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Severe Asthma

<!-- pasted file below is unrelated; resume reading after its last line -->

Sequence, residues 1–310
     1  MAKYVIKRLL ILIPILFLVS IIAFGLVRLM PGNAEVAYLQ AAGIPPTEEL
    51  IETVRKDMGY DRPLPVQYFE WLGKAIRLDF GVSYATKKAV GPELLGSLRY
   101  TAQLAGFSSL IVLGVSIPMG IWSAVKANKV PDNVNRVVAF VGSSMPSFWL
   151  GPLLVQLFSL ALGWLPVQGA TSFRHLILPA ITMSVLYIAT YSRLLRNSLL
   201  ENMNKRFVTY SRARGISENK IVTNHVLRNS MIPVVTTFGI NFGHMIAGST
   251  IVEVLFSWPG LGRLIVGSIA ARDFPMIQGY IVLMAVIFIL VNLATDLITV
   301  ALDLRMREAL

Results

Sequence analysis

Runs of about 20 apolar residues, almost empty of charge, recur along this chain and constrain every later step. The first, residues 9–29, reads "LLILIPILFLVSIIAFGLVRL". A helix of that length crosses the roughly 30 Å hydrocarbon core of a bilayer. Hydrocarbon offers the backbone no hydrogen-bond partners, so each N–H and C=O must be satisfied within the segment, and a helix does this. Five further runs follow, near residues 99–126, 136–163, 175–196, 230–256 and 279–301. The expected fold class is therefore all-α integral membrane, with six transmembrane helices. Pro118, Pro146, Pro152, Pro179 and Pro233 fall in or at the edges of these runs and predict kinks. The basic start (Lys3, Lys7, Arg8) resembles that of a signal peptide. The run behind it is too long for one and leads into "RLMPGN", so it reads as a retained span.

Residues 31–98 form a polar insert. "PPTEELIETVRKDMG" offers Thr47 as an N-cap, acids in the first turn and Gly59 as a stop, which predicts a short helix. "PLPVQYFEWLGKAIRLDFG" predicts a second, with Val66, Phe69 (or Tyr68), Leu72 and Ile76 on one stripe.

All smoke should be outside, and no asthma sufferer should smoke cigarettes. This will definitely make asthma problems worse, and could cause an asthma attack. Regularly washing fabrics, especially around pet areas, will help reduce dust and dander that causes breathing difficulties. Some asthma sufferers may even avoid the outdoors on high pollen days, and help themselves by avoiding asthma attacks. They should be reminded to take their medication even if they feel perfectly well all the time. The medication is there to make sure they do not suffer asthma attacks. It should not interfere with their daily lives, such as sport, dancing and exercise. Smoking of course is bad for everyone s health and can make asthma even worse. If at all possible, avoid smoke at work and don t allow smoking at all within the home. When living with asthma, it s almost impossible to breathe easy if there s any kind of smoke around. It s important to keep this and other irritants away from someone suffering with asthma. If you want to know more about how you can breathe easy, even when you re living with asthma, check the Internet. So, yu see, there is no need to get worked up over nothing if you begin to experience asthmatic symptoms. Persistent cough is common in asthmatics, especially children. But persistent cough happens to be symptomatic of lung disease, whooping cough, or postnasal drip. For adults or adolescents, there are often other factors at play, but infants who cough to the point of vomiting should get immediate attention from a doctor. All animals with fur also release dander; there s no such thing as an allergy-free cat or dog. Your best bet is to reduce the exposure to pet allergens to aid your asthma: -For cats or dogs: have another household member wash it twice a week. -Remove carpet in the home; dander is more likely to be trapped, even from regular vacuuming within carpet fibers. There is a huge world of support out there for those living with asthma, and much of it can be found through the online community. Look for online message boards, forums, and chat groups where people who have asthma can share thoughts, ideas, and advice. The Internet is a great way to connect with others. 

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